William L Finley NWR is a 5325-acre refuge, created in 1964 to provide a safe wintering habitat for Dusky Canada Geese. They nest in Alaska’s Copper River Delta and winter almost exclusively in the wetlands of the Willamette Valley. The refuge is about 10 miles south of Corvallis. From Corvallis go S on SR 99W for 9 mi (2 mi past Greenberry Store) and turn R on Finley Refuge Rd. Go W 1.3 mi and turn S to enter refuge at the north prairie overlook. This road continues SW for 3.5 mi across the refuge to Bellfountain Rd. Woodpecker Loop and other trailheads are near W end of the road.
From intersection of SR 99W and Finley Refuge Rd continue 2.6 mi S and turn W on Bruce Rd, and go W 0.5 mi to gravel parking area for boardwalk trail to viewing blind on McFadden Marsh. Follow Bruce Rd west for access to the south portion of the refuge.
From Nov–Mar most wetland trails are closed to protect wintering waterfowl. Birders must stay in cars along roads, but a boardwalk along Muddy Creek ending at a viewing blind overlooking Cabell Marsh allows for winter wetland viewing. Upland trails are open year-round. The refuge is open from sunrise to sunset. Entrance is free. ADA accessible restroom facilities are provided at the refuge office.Directions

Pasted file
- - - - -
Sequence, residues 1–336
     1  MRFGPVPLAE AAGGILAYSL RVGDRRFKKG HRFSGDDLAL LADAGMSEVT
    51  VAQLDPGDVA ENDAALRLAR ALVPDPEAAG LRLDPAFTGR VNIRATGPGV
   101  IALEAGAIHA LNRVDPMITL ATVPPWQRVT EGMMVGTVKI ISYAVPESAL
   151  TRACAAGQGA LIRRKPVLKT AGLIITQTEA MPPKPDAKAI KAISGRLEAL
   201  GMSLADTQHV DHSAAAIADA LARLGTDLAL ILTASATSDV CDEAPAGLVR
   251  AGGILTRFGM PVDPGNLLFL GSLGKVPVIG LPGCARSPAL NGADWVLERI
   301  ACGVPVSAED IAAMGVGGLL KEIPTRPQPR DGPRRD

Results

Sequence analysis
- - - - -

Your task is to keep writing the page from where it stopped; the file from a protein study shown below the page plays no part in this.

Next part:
Habitat and Birds
Over 250 bird species have been recorded on the refuge’s varied habitats, which include expansive wetlands, oak savanna, grasslands, upland and riparian forest. Boardwalks, trails, and observation blinds provide excellent viewing opportunities. The north prairie overlook provides views across a large part of the 400 acres of native wet prairie; look for White-tailed Kite, Short-eared Owl, Northern Harrier, Western Kingbird, Northern Shrike, Western Meadowlark, and Lincoln’s, Grasshopper and Savannah Sparrows. Farther SW look for Wood Duck, Hooded Merganser, and Cinnamon Teal in ponds, and White-breasted Nuthatch, Western Bluebird, Lazuli Bunting and Acorn Woodpecker in the oaks, with an occasional Lewis’s Woodpecker. Brushy areas host wintering Varied Thrush and Golden-crowned Sparrow, nesting Swainson’s Thrush and Yellow-breasted Chat, and resident Wrentit.
Migratory waterfowl are abundant throughout the refuge, but McFadden’s Marsh often holds the largest winter flocks of Northern Pintail, Tundra Swan, and Cackling and Canada Goose, which roost and forage by the thousands. Goose flocks can include Greater White-fronted, Snow, Ross’s, or Emperor Goose. Bald Eagle and Peregrine Falcon are often around these flocks; also watch for the occasional Golden Eagle, Red-shouldered Hawk, or Barred Owl. In spring look and listen for American Bittern and Common Yellowthroat. Farther W on Bruce Rd, a wide gravel trail gives seasonal access to the interior of the refuge, including Pigeon Butte and Cabell Marsh (closed Nov–Mar), and a hiking trail through riparian habitat leads to Cheadle Marsh. Scan grazed grass fields for American Pipit, Streaked Horned Lark, and Lapland Longspur (rare). In spring, scan the small mitigation wetland W of Cheadle Marsh for Wilson’s Phalarope and Yellow-headed Blackbird, along with more common wetland birds. Rough-legged Hawk is regularly seen here in winter.